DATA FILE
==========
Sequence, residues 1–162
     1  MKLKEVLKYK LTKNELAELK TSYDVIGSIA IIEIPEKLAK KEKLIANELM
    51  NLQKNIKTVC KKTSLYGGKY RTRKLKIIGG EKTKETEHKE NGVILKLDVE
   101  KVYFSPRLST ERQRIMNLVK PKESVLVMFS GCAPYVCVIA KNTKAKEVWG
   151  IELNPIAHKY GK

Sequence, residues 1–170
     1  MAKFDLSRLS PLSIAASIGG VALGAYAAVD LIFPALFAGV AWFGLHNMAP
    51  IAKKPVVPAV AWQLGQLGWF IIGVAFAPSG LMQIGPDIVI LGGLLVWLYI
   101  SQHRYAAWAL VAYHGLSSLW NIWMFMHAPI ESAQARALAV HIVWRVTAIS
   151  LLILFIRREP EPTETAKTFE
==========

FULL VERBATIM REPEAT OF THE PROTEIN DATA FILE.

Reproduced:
Sequence, residues 1–162
     1  MKLKEVLKYK LTKNELAELK TSYDVIGSIA IIEIPEKLAK KEKLIANELM
    51  NLQKNIKTVC KKTSLYGGKY RTRKLKIIGG EKTKETEHKE NGVILKLDVE
   101  KVYFSPRLST ERQRIMNLVK PKESVLVMFS GCAPYVCVIA KNTKAKEVWG
   151  IELNPIAHKY GK

Sequence, residues 1–170
     1  MAKFDLSRLS PLSIAASIGG VALGAYAAVD LIFPALFAGV AWFGLHNMAP
    51  IAKKPVVPAV AWQLGQLGWF IIGVAFAPSG LMQIGPDIVI LGGLLVWLYI
   101  SQHRYAAWAL VAYHGLSSLW NIWMFMHAPI ESAQARALAV HIVWRVTAIS
   151  LLILFIRREP EPTETAKTFE